Life is a feeling experience.
That’s what my husband heard as a boy from his Uncle John. My better half gently repeats that sage sentiment to me when I am feeling life just a bit too much.
On the days when my heart isn't overwhelmed with conflicting emotions , my mind picks up the slack. I’m equally good living in my heart or in my head -- wondering, analyzing, questioning, imagining.
In the months and years following futile attempts to conceive naturally and then facing fertility treatment losses, a series of questions occupied my gray matter: what would my life be like ten, twenty, thirty or more years from now as a woman without children? How would I relate to other women, their children and grandchildren? Would I be well adjusted or still angry at the universe for my "barren-ness," my flawed womb that couldn’t manage the conception and delivery of a child? Could I be fulfilled? At peace? Happy? And more mportantly, how could I ensure a good outcome rather than the alternative?
I’m not the only one, it seems, who asks these questions. One of my fellow “barren-esses” stated it more plainly in a blog post titled, “What the Hell Do I Do Now?”
My answers took shape on paper when I first started writing as a way to make sense of our defiant and unexplained infertility. Eager to convey the weirdness of being barren in the modern age, I set out to write a novel. It involved two couples, Clare and Paul in Detroit, and Valerie and Greg in the Bay area. They were distantly related through a very fertile sister-in-law. In alternating chapters each couple battled differing biological reasons preventing conception. Distraught and isolated in her experience (my alter ego and one of my lead characters) Clare became acquainted with another character, Audrey, an older childless woman. In time, they became confidants.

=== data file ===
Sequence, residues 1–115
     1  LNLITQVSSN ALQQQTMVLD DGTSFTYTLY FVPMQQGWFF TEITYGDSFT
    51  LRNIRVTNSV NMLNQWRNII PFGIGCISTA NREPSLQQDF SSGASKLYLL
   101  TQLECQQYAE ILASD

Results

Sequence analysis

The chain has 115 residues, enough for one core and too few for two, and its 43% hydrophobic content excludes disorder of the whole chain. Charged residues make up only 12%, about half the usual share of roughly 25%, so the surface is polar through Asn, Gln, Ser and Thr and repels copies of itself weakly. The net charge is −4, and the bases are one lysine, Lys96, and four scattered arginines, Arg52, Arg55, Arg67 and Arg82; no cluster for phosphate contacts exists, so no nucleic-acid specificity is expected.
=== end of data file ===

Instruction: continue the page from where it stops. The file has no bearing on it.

In poignant conversations of discovery Clare learned that Audrey once suffered at the hands of friends and family who badgered her at every visit about when she would finally start a family. They bragged and complained about their children. They insulted her intelligence or questioned her childcare abilities when looking after a niece or nephew. They looked upon her barren state with a mixture of pity and disdain.
Audrey, though, was stronger than her peers. Where they wilted under the weight of ordinary setbacks, Audrey easily managed through them. While her friends lost their identities and sense of purpose when their children moved out of the nest, Audrey was busy volunteering in the community and befriending and looking after young women like Clare.
Audrey was funny, insightful and young at heart.
I created Audrey's character initially because I wanted intensely to believe someone like Audrey truly existed. I craved a role model who could show me that my life wouldn’t be less than or empty without the experience of conceiving life and becoming a mother.
In time, I realized the difficulty of novel writing. My plot, scene construction, dialogue, character development and sensory imagery felt flat. I was in way over my head.
Instead, I realized I’d have a more compelling story if I relied on what I knew best, my own life. And that’s how Silent Sorority was born.
But I never forgot Audrey.
Now a few years after I began imagining her, seeing her take shape on the page, I’ve decided that I could keep her alive off the page. Why not try to become her.
She’s quite a bit more patient, zen-like and less judgmental than I am, so I know I have some work to do but it’s comforting, nonetheless, to have an archetype to model.
One of the many lessons I took away from my writing is this one: When no obvious role model exists, why not create one?